|This article relies on references to primary sources. (August 2008)|
|Independent candidate for
Governor of Alaska
November 7, 2006
|Opponent(s)||Sarah Palin (R)
Tony Knowles (D)
|Incumbent||Frank Murkowski (R)|
September 20, 1964 |
San Francisco, California
|Occupation||Car rental business owner, former politician|
Andrew Halcro (born September 20, 1964) is an American politician from Anchorage, Alaska. Formerly a Republican member of the Alaska Legislature, he ran for Governor of Alaska as an Independent candidate in the 2006 election, running third with 9.46% of the vote.
Halcro was born in San Francisco, California to the owners of a car rental agency in Anchorage, Alaska. He attended East Anchorage High School and received degrees from Willamette University and the University of Alaska Anchorage before taking over the family business, which is now an affiliate of Avis.
||This section of a biography of a living person does not include any references or sources. (August 2008)|
In 1998, he ran for the Alaska House of Representatives as a Republican, winning both the primary and the general election. In 2000, he won the Republican primary by a two-to-one margin and was unopposed in the general election. During his term in office, he earned a reputation as a maverick who sometimes put his foot in his mouth, as when his comments on what he saw as Bush Alaska's dependency on government funding earned him criticism from across the political spectrum. On another occasion, he publicly criticized other Republican legislators for taking too many junkets at taxpayer expense, which resulted in the loss of his position as chair of the House Transportation Committee.
Halcro announced his candidacy for the 2006 Alaska gubernatorial election on January 24, 2006. Although he was a registered, lifelong Republican, he ran as an Independent because he did not believe that he could win a party nomination in the Alaska Republican Party's closed primary system given his prior demotion in the Republican Party at the national level and his closer associations with the state Democratic Party since 2002.
His platform included fiscal responsibility, cutting legislators' salaries, increasing the number of trade agreements between Alaska and foreign nations, constructing a pipeline for natural gas, enacting strict campaign finance reform laws, and enacting "equitable taxation."
Although he had originally selected former Republican state legislator and Soldotna mayor Ken Lancaster as his running mate, Lancaster left the race in mid-September, citing health issues. He was replaced with former Anchorage Assemblywoman Fay Von Gemmingen. Halcro's slogan was "ThinkHalcroGovernor", and he aired television advertisements that used humor to emphasize what he said was the presumably nonpartisan nature of his candidacy (although he generally [went] easier on the former Democratic governor Tony Knowles as reported in the Anchorage Press), his availability to ordinary Alaskans, and his stances on the issues. He was, at first, widely regarded as the winner of the several debates in which he participated with Republican Sarah Palin and Knowles.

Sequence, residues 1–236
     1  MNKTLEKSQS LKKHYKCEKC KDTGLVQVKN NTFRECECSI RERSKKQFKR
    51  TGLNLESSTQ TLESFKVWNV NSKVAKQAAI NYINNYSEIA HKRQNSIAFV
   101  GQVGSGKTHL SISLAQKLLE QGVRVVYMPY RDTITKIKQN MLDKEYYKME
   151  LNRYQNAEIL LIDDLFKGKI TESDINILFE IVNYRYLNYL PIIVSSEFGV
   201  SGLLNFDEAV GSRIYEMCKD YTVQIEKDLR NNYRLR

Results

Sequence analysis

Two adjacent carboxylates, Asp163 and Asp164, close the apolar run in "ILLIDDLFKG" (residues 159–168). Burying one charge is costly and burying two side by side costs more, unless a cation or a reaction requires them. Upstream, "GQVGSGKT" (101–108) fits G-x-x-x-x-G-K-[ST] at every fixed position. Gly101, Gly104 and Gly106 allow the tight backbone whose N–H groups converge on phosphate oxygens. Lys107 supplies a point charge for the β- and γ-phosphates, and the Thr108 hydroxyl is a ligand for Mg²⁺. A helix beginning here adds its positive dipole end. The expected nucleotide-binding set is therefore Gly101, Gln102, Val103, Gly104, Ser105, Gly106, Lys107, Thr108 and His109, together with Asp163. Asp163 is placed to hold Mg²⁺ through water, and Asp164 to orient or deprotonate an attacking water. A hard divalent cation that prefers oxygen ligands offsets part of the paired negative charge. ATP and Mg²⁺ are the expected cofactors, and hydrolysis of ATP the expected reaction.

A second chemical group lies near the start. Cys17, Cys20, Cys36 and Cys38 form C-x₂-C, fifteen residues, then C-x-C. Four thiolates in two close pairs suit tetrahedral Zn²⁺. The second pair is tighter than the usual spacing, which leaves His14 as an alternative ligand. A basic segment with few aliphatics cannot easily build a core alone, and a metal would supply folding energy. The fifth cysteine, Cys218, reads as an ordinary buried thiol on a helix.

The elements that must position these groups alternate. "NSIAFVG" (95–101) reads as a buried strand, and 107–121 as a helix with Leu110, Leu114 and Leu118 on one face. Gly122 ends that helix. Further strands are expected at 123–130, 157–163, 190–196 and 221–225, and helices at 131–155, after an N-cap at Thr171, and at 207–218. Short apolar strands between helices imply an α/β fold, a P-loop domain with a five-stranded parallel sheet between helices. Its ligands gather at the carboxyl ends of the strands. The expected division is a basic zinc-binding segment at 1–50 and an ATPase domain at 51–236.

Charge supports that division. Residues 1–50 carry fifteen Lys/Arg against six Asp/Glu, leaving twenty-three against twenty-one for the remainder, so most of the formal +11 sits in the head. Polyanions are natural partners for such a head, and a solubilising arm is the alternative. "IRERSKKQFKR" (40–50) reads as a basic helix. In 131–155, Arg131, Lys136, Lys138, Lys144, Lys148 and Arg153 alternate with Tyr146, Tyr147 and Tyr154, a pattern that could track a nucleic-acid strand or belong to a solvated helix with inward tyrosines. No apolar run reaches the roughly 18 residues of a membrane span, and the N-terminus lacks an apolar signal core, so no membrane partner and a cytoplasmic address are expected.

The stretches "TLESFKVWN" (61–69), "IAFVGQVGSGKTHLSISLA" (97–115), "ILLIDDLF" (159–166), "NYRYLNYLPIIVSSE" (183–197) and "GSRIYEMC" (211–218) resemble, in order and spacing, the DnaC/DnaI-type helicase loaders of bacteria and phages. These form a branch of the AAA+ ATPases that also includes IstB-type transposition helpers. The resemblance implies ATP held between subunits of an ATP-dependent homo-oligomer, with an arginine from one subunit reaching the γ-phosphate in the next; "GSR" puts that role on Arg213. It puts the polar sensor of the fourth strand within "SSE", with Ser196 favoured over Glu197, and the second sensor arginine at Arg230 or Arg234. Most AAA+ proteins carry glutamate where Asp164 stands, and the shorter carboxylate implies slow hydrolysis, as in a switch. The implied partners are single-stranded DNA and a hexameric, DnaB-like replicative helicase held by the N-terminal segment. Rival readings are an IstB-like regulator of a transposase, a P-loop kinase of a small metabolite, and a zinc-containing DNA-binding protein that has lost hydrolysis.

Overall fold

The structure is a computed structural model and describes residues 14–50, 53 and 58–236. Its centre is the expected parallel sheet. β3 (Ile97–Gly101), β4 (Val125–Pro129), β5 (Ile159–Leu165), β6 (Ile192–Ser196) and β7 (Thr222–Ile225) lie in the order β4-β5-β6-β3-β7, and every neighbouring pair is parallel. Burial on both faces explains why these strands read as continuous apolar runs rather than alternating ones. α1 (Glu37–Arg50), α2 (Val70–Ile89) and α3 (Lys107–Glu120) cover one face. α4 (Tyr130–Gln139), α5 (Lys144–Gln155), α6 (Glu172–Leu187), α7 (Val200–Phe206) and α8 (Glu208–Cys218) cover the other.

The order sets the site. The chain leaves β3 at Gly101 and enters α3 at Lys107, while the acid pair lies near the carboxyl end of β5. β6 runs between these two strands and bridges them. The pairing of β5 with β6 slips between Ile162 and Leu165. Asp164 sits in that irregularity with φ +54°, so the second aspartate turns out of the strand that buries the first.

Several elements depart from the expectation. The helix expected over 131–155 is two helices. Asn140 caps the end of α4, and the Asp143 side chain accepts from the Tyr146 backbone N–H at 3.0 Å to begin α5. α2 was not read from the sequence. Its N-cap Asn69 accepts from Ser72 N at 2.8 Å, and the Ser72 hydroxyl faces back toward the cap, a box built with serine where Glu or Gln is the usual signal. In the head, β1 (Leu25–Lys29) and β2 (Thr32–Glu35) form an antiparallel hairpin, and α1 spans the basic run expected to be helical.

On Election Day, Halcro received 22,443 votes, or about 10% of the total. Palin won the election with 114,697 votes, or about 48%.
||This section may stray from the topic of the article into the topic of another article, Alaska Public Safety Commissioner dismissal.|
Since losing his gubernatorial bid, Halcro has used his blog site to discuss Alaska political issues including the Palin's administration, the State Legislature, Anchorage politics, State of Alaska politics and state and national election issues.
In a blog post titled "Why Walt Monegan got fired: Palin's abuse of power", Halcro criticized Palin for firing the state's Public Safety Commissioner, Walt Monegan, after Monegan declined a position as executive director of the state Alcoholic Beverage Control Board. Halcro was the first person to suggest the connection between the firing and Palin's ex-brother-in-law.
He claimed that Monegan went into the meeting with Governor Palin's Chief of Staff to discuss security for the Governor's picnic. That is putting a polite face on the issue. In reality, the Chief of Staff called him into the meeting to terminate his services because of this issue and others.
During the previous week, on July 11, Bill Cockerell, the Security Detail Coordinator for the Governor had met with Audie Holloway to request one additional trooper to help him with security for the picnics. Holloway turned his request down because it would incur three additional hours of overtime. Branchflower Report page 161-171 Cockerell was also upset because he was now being required to go through the chain of command and not go directly to the troopers he needed.
The meeting ended on a 'sour note' according to Holloway. Cockerell complained to the Chief of Staff. Within a week Monegan's services were terminated.
At the meeting between Nizich and Monegan, there was allegedly no demand made to fire trooper Wooten.
|Alaska Gubernatorial Election 2006|
- Halcro, Andrew (2008-07-18). "Why Walt Monegan got fired: Palin's abuse of power". Blog post. Archived from the original on 1 September 2008. Retrieved 2008-08-31.
- Demer, Lisa (August 30, 2008). "'Troopergate' inquiry hangs over campaign". Anchorage Daily News